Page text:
When my wife tells people I write books for children, two things happen. One, they look at me with an “Isn’t that cute?” look in their eyes. Two, my wife grips my hand because she knows what their follow-up question will be and she doesn’t want me running away.
But you can’t run away from a dentist’s chair.
I hate pain. More specifically, I hate the thought of pain. And that fear is what kept me away from dentists for longer than I’m willing to admit. But after years of badgering, I finally gave in to my wife and made an appointment. At the bottom of the paperwork was the question “How apprehensive are you about dental visits?” and I circled “Extremely” because they didn’t offer anything beyond that. After calling me in and sitting me down, the dentist picked up a sharp metal object, aimed it at my mouth, and started small talking to put me at ease. “So, what do you do for fun?”
“I write children’s books,” I said. D’oh!
He lowered the spear into my mouth. Poke! “Do you do your own illustrations?”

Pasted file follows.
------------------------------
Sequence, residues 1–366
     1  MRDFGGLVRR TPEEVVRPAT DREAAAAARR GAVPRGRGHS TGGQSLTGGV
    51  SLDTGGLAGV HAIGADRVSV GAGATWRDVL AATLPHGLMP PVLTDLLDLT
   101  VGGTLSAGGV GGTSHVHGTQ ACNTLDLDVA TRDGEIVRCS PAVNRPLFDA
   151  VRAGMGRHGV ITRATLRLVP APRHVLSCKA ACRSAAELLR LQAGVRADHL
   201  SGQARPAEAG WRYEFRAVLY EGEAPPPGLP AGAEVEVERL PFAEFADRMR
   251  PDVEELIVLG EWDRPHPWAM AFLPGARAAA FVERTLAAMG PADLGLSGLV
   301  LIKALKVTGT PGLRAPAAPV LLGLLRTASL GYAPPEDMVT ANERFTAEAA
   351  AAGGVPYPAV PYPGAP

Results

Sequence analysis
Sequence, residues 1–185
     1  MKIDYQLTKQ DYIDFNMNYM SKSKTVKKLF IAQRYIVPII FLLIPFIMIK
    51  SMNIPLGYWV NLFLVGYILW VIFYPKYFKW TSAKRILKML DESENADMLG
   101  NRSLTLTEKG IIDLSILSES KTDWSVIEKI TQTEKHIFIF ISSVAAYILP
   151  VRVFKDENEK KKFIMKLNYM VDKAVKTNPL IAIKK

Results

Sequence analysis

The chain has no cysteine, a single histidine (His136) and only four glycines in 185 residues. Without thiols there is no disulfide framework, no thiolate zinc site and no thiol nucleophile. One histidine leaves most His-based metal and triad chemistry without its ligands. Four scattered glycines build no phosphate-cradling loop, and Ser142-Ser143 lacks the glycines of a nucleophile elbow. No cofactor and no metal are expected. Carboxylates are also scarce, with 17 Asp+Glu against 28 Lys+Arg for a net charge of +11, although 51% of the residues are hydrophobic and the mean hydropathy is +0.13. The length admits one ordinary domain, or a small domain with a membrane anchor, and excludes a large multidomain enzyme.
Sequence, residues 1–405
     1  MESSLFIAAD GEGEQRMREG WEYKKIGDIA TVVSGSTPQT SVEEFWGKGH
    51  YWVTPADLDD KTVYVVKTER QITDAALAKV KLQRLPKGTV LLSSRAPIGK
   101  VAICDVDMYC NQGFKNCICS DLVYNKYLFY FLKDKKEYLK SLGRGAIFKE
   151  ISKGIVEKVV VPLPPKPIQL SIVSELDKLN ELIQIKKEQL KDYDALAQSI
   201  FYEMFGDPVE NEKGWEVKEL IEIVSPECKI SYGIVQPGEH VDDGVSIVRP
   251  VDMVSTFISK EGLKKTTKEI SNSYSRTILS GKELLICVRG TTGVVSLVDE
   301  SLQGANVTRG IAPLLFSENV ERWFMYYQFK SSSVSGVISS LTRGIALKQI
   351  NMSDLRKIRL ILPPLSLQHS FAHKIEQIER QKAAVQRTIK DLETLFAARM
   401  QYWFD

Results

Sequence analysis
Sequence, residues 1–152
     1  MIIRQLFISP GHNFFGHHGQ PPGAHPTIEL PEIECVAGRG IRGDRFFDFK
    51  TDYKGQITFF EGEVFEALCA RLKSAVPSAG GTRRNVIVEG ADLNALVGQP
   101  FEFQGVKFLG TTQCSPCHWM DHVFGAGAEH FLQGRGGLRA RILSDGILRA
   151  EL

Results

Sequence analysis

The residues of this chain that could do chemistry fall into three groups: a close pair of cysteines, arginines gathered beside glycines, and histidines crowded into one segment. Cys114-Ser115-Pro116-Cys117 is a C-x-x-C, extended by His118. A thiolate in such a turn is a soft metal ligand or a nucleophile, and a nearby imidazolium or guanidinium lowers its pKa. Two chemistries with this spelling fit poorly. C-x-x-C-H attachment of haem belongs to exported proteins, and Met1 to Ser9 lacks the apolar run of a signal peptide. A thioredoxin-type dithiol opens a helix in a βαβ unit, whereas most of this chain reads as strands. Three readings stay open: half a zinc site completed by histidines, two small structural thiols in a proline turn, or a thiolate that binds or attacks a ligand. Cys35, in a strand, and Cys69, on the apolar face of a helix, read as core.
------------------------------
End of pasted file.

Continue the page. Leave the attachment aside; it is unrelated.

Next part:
I shook my head as little as possible.
The assistant chimed in. “Do you have any children?”
“Uh-uh,” I said, my mouth wide open.
“What? You write books for children but you don’t have any children?”
“You know, I wrote a children’s book once,” the dentist said. Poke!
I tried my best to smile, but with a mouth full of rubber gloves, sharp metal, and a mini-dust buster, I’m sure the smile looked about as authentic as when I normally hear those words.
“It’s a cute little story about dental equipment,” he said.
“Ow,” I said. But he must’ve thought I said, “Oh?”
“Yep. The tools could talk to each other,” he continued.
“And it rhymed.”
“And my friend illustrated it.”
Tears formed at my eyes, which they obviously expected because I’d circled “Extremely” on my paperwork.
“If you want,” he said, jabbing the metal stick back and forth against my gums, “I can give you his e-mail. Maybe he can illustrate your book.”
“My book is for teens!” I wanted to yell. “It’s about suicide. How would he feel about illustrating that!” But I just sat there and listened and tried not to make him angry.
When I got home, my wife was so proud of me for going through with the check-up. “See,” she said, “I didn’t even need to hold your hand.”